Memories of Viet Nam War still engender bitter discussion, opinions



Memories of Viet Nam War still engender bitterdiscussion, opinions
EDITOR:
The debate over the Sen. Kerrey episode in Vietnam boils down to the issue of civilian casualties or what the hard core call collateral damage. Those who supported the war, like Georgie Geyer and many others, just continue to issue a lot of verbiage and conclude that our troops couldn't tell the enemy from civilians and that in a lot of cases women and children acted as the enemy by doing everything one could imagine and a lot of things you would never think of, like offering GIs Coca-Cola spiked with poison.
In Kerrey's case, the troops may not have said so but their actions showed that since they could not identify the enemy they attacked everyone at a given site, acting on the assumption that everyone in a village was the enemy or potentially the enemy.
Ms. Geyer refers to a & quot;Viet Cong village. & quot; Does that mean it is OK to kill all the inhabitants?
To those of us who opposed the war from its first day, way back when JFK was alive and even before he was president, opposed fighting a guerilla war with conventional weapons on the mainland of Asia, it turned out to be an unwinnable war, with no battle lines and no end possible -- short of killing every last Vietnamese. There are a dozen or more factors to be considered in analyzing the Vietnam war, from media behavior to America's poor generals and presidential politics, but when troops burn villages because the villages may have been harboring the enemy, they ignore spiritual, cultural, nationalistic and practical considerations which ultimately turned the South Vietnamese population against us in most cases.
In sum, the Kerrey story is the best explanation of all when explaining why we should never have gone into Vietnam at that time. We lost at least 55,000 young men there; about the same number of South Vietnamese civilians were killed.
Those who remember Lt. Calley and his captain, & quot;Mad Dog & quot; Medina, remember how a large group of American soldiers landed at a village called My Lai which was believed to be occupied by Viet Cong. Lt. Calley, et al killed hundreds of women, children and oldsters who were hiding in ditches and underground dugouts.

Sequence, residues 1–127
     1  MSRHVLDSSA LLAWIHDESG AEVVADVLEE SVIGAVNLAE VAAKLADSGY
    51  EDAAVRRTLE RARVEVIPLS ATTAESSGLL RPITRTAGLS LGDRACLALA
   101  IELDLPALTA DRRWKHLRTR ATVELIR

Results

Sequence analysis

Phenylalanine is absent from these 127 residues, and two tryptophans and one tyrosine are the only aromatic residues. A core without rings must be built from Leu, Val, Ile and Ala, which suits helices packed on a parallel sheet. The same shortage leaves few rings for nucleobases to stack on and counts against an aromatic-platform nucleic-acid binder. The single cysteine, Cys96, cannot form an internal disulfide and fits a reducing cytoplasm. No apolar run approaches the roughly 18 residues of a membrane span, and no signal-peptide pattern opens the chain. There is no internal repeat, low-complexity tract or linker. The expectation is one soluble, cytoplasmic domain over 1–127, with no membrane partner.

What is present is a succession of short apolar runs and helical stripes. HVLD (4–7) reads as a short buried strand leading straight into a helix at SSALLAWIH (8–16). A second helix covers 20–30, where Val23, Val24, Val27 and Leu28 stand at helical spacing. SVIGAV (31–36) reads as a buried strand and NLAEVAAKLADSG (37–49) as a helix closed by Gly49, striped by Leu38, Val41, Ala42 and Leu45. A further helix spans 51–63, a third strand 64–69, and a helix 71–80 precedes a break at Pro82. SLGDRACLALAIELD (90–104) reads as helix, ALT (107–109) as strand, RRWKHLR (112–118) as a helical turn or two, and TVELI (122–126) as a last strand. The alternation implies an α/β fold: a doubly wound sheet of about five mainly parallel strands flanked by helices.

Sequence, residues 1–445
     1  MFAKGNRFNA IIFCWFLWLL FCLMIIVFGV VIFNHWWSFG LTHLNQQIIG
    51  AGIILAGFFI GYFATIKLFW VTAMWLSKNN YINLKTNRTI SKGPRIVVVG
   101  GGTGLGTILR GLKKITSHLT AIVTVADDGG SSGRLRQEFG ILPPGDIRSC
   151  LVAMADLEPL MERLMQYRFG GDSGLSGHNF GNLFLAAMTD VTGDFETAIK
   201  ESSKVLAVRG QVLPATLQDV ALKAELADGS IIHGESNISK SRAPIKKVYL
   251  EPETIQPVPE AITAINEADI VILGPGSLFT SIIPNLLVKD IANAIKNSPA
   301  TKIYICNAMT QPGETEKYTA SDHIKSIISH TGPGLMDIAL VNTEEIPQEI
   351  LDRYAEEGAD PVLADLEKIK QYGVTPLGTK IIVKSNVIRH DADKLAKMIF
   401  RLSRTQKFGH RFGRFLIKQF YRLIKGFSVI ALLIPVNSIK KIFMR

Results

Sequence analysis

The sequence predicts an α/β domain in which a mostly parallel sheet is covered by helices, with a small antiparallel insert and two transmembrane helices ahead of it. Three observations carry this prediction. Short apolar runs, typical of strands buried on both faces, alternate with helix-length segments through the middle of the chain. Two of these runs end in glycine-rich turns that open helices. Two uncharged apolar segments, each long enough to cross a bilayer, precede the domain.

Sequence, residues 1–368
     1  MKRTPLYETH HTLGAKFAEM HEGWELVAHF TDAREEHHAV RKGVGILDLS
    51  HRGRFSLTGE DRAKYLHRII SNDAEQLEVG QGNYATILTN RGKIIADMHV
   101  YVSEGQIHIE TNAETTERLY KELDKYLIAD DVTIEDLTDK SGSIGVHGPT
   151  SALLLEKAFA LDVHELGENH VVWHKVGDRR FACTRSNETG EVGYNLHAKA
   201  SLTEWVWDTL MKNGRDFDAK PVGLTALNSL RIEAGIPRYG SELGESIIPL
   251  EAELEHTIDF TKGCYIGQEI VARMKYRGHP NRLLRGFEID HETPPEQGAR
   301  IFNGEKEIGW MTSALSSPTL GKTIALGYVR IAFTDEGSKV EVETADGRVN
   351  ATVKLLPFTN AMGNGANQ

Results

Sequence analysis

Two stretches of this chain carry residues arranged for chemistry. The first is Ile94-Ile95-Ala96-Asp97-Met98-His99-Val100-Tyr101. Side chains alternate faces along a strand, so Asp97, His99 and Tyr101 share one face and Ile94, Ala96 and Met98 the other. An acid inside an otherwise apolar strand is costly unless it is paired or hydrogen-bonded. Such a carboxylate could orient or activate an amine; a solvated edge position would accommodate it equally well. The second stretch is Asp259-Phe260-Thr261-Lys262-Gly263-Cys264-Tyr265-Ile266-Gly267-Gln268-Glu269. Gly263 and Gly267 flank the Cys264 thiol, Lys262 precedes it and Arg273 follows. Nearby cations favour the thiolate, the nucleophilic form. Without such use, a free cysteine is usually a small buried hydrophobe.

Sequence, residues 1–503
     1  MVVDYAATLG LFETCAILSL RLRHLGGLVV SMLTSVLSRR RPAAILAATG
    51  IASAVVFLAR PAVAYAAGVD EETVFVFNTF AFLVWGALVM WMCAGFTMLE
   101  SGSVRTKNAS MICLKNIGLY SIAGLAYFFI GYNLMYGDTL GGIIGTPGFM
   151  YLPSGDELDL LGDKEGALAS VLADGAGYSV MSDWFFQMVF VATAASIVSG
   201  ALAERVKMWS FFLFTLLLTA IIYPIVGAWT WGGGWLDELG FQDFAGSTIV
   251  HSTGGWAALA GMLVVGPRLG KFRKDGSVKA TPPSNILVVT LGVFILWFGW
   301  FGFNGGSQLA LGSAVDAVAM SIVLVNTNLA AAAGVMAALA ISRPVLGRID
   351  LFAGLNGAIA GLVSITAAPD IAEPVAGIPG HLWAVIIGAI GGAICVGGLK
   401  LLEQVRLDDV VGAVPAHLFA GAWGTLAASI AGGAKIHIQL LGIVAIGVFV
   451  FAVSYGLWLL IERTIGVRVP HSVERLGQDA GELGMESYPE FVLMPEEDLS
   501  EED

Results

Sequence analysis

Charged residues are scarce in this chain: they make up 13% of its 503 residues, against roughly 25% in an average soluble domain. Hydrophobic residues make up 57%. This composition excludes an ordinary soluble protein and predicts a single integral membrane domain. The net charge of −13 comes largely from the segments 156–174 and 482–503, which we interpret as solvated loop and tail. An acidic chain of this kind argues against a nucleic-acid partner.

This was all based on the & quot;intelligence & quot; that Viet Cong inhabited the village. For this Lt. Calley was severely punished and made an example of because the public here in the U.S. had been informed by journalist Seymour Hersh. In Kerrey's episode, as in dozens like it, there was no such publicity.
When the war was in its final stages, American Vietnam veterans formed an organization called Vietnam Vets Against the War. One of their main actions was to expose the American public to the atrocities of the war.
The Vietnam Vets Against the War added to the inevitability of American withdrawal.
MYRON GARWIG
Youngstown
Forum Health nurses ask for community support
EDITOR:
The RNs at Forum Health have cared for this community for years. We need your support during the strike.
We want to provide the best care in this area. Mandatory overtime creates problems for the nurses and their patients. We have families to take care of after we work 12 hours. We do not feel it is safe for the hospital to demand us to work mandatory overtime.
Our job involves taking care of critically ill patients, and we need to be alert. We are working with lives and cannot afford mistakes. A mistake can cause a death.
We also need health benefits after we retire and a pension that is worthy of the profession.
I hope the community will back us and realize quality care is a necessity. We appreciate your support during this difficult time.
DENISE YOUNG-NYCZ
Boardman

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